This year, the theme of Kinetica's exhibition and programme of talks and performances was 'Illusion and Reality' and the thin veil that divides what is real and perceived. The -fairly broad- theme aims to challenge ideas on what is real, perceived or imagined, and focuses on transformation, metamorphism, visual paradox, vibration, nature, the subliminal and the subconscious.

This year, i liked:

Wu Xiao Fei Dyson's Musical Typewriter sits quietly on a table. Each of its letters is attached to a fishing line that disappears quickly in a confusion of other fishing lines and triggers a little hammer as you type. The hammers strike empty barrels of rapeseed cooking oil, jars of Marmite, cans of Pepsi, wine bottles, etc. Each producing a different sound.

0u8xiafei5a530.jpg
Wu Xiao Fei Dyson, Musical Typewriter. Photo by Luke Neve for Kinetica

0i8xiaofei2b37b7983.jpg
Wu Xiao Fei Dyson, Musical Typewriter. Photo by Luke Neve for Kinetica

0i8xiofei6e89a638.jpg
Wu Xiao Fei Dyson, Musical Typewriter. Photo by Luke Neve for Kinetica


Wu Xiao Fei Dyson, Musical Typewriter

Mechanical Flipbooks by Mark Rosen and Wendy Marvel, (based on the motion studies of Eadweard Muybridge) are inspired by Eadweard Muybridge's pioneering photographic studies of motion.

0i8mechanical4f01131_z.jpg
Mark Rosen and Wendy Marvel, Mechanical Flipbook. Photo by Luke Neve for Kinetica

Mechanical Flipbook, Horse in Motion

0s8fliobookc0637bb.jpg
Mechanical Flipbook, Horse in Motion. Photo by Luke Neve for Kinetica

0s8flipbook57b90ac.jpg
Mark Rosen and Wendy Marvel, Mechanical Flipbook. Photo by Luke Neve for Kinetica

Right at the entrance of the fair, The Walk was impossible to miss. The 2.5-meter diameter sphere is covered with some 35,000 LED's displaying a video loop that tells a story loosely based on Dante's Divine Comedy of the journey from Hell to Purgatory.

0titiusExb1b68eff.jpg
Titia Ex, The Walk. Photo by Luke Neve for Kinetica

0a8hfa3273.jpg
Titia Ex, The Walk. Image Happy Famous Artists

The most exciting booth was by far the one set up by All Visual Arts. They showed six works inside a small dark room.

The level of water contained in Ben Tyers' Breathe glass sculpture goes up and down following a slow, regular rhythm. In fact, the mechanism 'inhales and exhales' the same capacity of air as two human lungs. There's something meditative about the piece as after having watched it for a short period of time, you realize that your own breathing pattern calms down.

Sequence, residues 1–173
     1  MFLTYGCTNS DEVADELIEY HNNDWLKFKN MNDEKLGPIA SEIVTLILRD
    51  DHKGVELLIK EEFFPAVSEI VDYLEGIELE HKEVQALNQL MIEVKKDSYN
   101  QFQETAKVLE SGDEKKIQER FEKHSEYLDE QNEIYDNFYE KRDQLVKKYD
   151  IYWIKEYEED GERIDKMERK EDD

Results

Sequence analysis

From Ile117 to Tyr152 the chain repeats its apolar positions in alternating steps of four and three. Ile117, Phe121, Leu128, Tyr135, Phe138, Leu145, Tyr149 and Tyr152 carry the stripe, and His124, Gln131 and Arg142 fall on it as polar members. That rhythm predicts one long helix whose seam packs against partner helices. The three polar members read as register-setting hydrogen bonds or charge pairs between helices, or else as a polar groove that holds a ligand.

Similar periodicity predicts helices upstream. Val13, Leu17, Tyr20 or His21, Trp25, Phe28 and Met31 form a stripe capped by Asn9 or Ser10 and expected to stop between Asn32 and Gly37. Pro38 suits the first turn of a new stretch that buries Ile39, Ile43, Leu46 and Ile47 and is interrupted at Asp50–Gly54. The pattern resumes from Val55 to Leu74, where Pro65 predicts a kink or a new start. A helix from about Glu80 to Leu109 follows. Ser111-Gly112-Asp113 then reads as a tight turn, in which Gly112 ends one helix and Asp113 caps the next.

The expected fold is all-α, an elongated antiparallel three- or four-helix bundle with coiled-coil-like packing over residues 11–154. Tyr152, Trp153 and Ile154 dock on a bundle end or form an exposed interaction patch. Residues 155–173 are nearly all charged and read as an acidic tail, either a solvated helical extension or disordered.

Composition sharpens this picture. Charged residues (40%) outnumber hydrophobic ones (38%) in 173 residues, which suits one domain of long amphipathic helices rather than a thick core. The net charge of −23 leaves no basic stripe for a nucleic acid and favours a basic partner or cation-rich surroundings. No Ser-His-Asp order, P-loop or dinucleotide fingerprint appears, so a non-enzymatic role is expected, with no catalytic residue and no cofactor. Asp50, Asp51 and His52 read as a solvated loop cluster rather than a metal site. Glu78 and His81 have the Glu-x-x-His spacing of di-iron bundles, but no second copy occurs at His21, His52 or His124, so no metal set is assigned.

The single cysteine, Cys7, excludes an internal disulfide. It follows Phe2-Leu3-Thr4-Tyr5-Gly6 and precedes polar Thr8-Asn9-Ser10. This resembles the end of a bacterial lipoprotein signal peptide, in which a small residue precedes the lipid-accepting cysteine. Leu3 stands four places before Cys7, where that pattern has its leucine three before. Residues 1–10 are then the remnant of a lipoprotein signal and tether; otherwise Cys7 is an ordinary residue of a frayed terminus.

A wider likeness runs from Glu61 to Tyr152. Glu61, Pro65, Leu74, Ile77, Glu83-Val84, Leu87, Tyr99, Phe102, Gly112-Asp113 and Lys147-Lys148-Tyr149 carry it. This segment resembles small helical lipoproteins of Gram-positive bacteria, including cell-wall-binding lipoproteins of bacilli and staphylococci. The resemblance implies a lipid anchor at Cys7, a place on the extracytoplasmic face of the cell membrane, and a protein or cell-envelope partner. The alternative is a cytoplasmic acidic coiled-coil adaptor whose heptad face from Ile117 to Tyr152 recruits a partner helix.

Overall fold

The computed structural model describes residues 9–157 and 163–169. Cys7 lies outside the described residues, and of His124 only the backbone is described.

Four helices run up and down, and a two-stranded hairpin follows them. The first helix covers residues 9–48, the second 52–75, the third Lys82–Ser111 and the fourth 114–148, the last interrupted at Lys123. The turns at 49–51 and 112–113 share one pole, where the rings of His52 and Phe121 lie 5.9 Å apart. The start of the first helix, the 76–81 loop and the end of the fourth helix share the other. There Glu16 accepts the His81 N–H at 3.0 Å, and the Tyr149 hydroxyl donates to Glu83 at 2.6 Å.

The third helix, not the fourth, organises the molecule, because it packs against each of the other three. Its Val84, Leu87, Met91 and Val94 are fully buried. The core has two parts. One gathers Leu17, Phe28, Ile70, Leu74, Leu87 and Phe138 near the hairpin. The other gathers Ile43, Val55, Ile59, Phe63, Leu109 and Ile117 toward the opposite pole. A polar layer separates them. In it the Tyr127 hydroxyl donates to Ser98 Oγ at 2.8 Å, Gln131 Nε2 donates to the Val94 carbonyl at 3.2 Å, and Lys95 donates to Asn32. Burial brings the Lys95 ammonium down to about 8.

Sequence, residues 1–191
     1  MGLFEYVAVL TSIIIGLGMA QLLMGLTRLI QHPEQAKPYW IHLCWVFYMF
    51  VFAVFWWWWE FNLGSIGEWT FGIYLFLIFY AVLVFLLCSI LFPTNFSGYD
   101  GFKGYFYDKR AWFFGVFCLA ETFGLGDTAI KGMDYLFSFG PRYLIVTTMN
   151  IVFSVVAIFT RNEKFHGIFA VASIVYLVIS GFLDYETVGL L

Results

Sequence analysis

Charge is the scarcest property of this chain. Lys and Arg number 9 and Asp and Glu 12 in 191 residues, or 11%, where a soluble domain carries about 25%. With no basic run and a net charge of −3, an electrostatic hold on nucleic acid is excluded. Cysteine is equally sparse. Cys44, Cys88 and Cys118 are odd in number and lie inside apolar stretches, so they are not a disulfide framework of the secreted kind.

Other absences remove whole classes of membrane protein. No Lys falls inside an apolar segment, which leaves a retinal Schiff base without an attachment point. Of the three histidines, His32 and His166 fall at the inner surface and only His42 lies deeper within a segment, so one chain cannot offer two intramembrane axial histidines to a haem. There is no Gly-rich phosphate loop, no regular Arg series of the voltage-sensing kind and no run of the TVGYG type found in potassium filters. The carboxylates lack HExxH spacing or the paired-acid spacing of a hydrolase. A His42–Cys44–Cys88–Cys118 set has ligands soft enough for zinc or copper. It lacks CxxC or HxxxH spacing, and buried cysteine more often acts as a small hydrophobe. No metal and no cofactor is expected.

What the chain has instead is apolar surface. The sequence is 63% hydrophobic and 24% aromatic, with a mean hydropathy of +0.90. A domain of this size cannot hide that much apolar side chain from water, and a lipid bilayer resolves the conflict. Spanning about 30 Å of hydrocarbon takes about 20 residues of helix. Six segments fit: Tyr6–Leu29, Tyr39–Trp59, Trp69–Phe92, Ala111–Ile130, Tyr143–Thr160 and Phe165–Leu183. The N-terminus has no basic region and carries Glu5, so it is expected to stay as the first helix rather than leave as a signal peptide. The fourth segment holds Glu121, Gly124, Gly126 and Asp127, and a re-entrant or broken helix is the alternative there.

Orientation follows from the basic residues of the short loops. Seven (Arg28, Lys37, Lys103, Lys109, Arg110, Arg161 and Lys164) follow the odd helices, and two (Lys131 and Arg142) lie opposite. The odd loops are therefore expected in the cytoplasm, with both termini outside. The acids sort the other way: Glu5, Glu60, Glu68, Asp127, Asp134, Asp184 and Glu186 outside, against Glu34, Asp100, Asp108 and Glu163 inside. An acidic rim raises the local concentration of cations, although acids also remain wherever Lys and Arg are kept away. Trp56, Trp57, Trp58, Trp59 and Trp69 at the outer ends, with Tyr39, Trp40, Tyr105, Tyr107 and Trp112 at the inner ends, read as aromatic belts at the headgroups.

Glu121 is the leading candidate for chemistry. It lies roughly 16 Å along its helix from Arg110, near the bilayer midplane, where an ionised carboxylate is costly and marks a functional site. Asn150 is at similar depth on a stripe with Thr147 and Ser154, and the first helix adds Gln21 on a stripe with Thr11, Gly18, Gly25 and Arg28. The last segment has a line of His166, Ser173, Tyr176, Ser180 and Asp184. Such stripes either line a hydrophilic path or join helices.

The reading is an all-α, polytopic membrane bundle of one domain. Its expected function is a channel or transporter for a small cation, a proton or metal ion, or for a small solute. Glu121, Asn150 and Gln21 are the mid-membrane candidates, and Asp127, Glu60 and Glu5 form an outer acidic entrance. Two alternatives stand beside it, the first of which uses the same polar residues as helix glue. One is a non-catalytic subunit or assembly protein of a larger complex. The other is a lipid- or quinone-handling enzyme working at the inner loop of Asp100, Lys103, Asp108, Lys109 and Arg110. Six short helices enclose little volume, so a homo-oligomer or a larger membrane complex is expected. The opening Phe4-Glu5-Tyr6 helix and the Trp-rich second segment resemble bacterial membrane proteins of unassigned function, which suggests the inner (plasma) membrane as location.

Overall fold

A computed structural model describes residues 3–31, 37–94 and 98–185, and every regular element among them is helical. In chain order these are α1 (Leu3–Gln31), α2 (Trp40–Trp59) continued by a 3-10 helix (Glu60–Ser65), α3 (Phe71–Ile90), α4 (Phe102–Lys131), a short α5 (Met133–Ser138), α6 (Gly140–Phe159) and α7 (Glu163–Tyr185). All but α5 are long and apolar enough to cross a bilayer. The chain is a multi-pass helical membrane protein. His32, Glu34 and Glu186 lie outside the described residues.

0a8benTyers_be6f3.jpg
Ben Tyers, Breathe, 2009. Photo by Luke Neve for Kinetica

Paul Fryer's Chess for Tesla (which some of you might have seen at The Art of Chess exhibition at the Saatchi Gallery) is an homage to Nikola Tesla. Because Tesla was a pioneer of the vacuum tubes, the 32 pieces in the set are glass vacuum tubes. I didn't dare touch the work but apparently The board of the chess set powers the vacuum tube pieces so that when unplugged the individual pieces glow for a little while, struggling to keep connection with the board, and then die. Plug them back in and they reactivate.

I was told that the chess board was about to travel to Hollywood to feature in a blockbuster scifi movie (Star Trek if i remember correctly.)

More images, including Kinetic LEGO sculpture by Alex Allmont and a kinetic-tensegrity-roof and reactive floor.

0a8allmont0856d_z.jpg
Alex Allmont. Photo by Luke Neve for Kinetica

0a8allmontef5c97b_z.jpg
Alex Allmont. Photo by Luke Neve for Kinetica


Alex Allmont, All Work and No Play. At Kinetica 2013


Alex Allmont, Ride With Me

0cymbal_2495856k.jpg
Alex Allmont. Picture: Dan Kitwood/Getty Images


David John Rosewell, Puppets to our Creation

David John Rosewell's Puppets to our Creation mirrors the movements of the viewer who stands in front of it. The person becomes thus both the puppet and the puppeteer.

0u8takumi7d3a0bfb_z.jpg
Sharisharishari + Takumi, Tea Ceremony Room. Photo by Luke Neve for Kinetica

0exoskeletal_2495874k.jpg
Christiaan Zwanikken, Exoskeletal. Picture: Dan Kitwood/Getty Images

0a8russee6549f2b1.jpg
Alexei Shulgin, Rotating Landscapes. Image Happy Famous Artists

0a8piotr5e988_z.jpg
Piotr Jedrzejewski. Photo by Luke Neve for Kinetica

0a8fair_view03367e_z.jpg
Photo by Luke Neve for Kinetica

More images on Happy Famous Artists and on my flickr set. The Torygraph has a stunning gallery.

Previously: The Kinetica Art Fair (part 1), The Kinetica Art Fair (part 2) and Soundwaves.

The other day i received the code to download the photos of the photographers shortlisted for the 2013 Sony World Photography Awards Exhibition. Idle and bored, i opened the files and thought i should share the images. Because that's the kind of thing you do when you're an idle and bored blogger but also because the photos are as stunning as ever.

As usual in this kind of international photo competition, there's a couple of winning shots about Palestine, some portraits of magnificently coiffed people, plenty of violent deaths, prisoners living in dire conditions and almost half of these talented photographers are Italian. I'm very impressed by the Afrometals series, btw.

Most of these images will be exhibited next month at Somerset House in London in April and i'll take the opportunity to highlight the fact that for the first time in 5 years, i'm actually writing about an exhibition before it has closed.